To get started, I put together a general list of all the ways we might improve conversion by helping our customers:

I realized that I was not a good enough data scientist — or one at all ;) — to predict the impact of each of these types of changes and that we might make several of these changes at once, further compounding the algorithm. And so I tried another way of thinking about this.

A revenue algorithm is born

Zooming out a bit, I realized that revenue made from an experiment would generally be influenced by:

  1. How many people see the experiment
  2. How qualified the traffic is, or in other words, how far down the purchase path the person is
  3. How significant the change is from the baseline

Using Google Analytics as the data source, I took a stab at creating an equation that matched the revenue data we were collecting and then calibrated it using additional past tests.

The revenue algorithm that I created documented in a Confluence article
The revenue projection algorithm in Confluence.

Algorithm success: 132% increase in Q2!

After vetting the algorithm with the data science team, I rolled it out to the CRO team to begin using for prioritization in Q2. I’m excited to report that we increased the annualized revenue by 132% that quarter by using this method!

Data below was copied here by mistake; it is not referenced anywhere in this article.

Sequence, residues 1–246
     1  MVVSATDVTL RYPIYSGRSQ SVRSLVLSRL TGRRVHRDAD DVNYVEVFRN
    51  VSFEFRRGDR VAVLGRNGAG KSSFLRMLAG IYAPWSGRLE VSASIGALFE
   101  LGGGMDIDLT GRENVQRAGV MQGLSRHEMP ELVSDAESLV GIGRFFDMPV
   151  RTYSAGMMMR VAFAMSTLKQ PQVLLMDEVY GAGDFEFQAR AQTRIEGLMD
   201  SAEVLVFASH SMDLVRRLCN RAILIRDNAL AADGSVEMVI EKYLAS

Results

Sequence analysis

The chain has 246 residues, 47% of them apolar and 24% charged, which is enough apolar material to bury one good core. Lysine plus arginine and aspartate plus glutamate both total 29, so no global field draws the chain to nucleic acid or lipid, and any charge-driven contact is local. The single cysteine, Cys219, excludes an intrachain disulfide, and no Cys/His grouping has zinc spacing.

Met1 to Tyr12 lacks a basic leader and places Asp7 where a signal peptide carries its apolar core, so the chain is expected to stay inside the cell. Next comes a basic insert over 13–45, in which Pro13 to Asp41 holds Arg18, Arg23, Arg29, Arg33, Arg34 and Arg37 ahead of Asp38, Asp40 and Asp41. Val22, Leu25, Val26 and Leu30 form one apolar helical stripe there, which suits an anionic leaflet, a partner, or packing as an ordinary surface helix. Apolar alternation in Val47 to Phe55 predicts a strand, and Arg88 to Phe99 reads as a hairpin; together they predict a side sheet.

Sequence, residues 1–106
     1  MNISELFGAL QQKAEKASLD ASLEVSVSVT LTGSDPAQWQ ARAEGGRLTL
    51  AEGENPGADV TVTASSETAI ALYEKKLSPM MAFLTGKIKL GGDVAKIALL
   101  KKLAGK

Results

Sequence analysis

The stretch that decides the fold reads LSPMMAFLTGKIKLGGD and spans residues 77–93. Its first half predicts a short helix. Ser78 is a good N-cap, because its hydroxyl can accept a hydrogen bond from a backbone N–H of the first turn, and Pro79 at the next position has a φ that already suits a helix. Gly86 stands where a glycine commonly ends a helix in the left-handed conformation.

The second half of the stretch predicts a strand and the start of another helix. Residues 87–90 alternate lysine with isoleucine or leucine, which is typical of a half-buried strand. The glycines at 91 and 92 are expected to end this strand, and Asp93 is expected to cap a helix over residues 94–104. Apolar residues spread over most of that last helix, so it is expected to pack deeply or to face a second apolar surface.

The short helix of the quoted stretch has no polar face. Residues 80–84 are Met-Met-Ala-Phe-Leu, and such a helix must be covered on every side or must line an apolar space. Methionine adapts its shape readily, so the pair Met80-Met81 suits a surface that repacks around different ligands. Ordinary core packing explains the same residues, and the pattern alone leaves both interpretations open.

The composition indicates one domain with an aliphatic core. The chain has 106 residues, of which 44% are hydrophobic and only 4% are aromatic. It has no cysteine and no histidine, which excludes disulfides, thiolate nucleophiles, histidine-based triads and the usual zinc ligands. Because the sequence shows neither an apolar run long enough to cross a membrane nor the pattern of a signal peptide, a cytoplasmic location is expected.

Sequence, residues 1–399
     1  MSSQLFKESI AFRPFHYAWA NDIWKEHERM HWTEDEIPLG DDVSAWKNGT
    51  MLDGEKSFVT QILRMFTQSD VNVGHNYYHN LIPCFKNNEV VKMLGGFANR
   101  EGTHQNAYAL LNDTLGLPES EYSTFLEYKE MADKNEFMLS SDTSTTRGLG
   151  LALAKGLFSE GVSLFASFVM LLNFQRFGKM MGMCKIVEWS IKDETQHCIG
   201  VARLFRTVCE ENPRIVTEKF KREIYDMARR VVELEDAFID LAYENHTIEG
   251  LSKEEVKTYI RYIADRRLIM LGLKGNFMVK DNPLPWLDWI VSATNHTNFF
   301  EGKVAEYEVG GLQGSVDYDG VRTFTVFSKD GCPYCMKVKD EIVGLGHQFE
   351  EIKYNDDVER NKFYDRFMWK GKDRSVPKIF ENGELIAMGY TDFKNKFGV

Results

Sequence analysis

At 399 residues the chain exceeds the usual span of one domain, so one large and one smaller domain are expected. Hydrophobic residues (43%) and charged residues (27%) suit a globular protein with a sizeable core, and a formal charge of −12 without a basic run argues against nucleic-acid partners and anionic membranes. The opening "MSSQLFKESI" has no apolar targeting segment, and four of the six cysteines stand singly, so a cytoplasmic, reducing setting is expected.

A few of our CRO experiments

A presentation slide showing the Bullets-in-buybox experiment hypothesis, supporting data, expected result, and actual result Another presentation slide showing the Bullets-in-buybox experiment desktop implementation
Adding bulleted details to the buybox. This experiment performed much better than anticipated and reinforced how important the buybox real estate is.
A presentation slide showing the Bullets-in-buybox experiment hypothesis, supporting data, expected result, and actual result
Adding tax, shipping, and recycling fees to the cart. Even though we weren’t giving the user any more information about how much they would be charged, indicating that we’d calculate this information for them in checkout set better expectations and led to less drop-off in checkout.
A presentation slide showing the Bullets-in-buybox experiment hypothesis, supporting data, expected result, and actual result
Changing the position of the Sale link. People want to save money. And drawing more attention to our sales by moving the link to the left was well received.

The project was put on hold due to competing priorities and resource constraints during Q3. However, in total, we generated over $34.82M in incremental annualized revenue for the business during this time.


Thank Yous

Brooke Kao User Research

Ryan Evans Product Design

Cristian Valdes Product Design

Meaghan Socaciu Product Design

LoriAnne Carpenter Product & Project Management

Marilyn Cole Engineering & Project Management

Valery Peep Product & Project Management

Colin Darland Engineering Management

Jayson Virissimo Engineering Management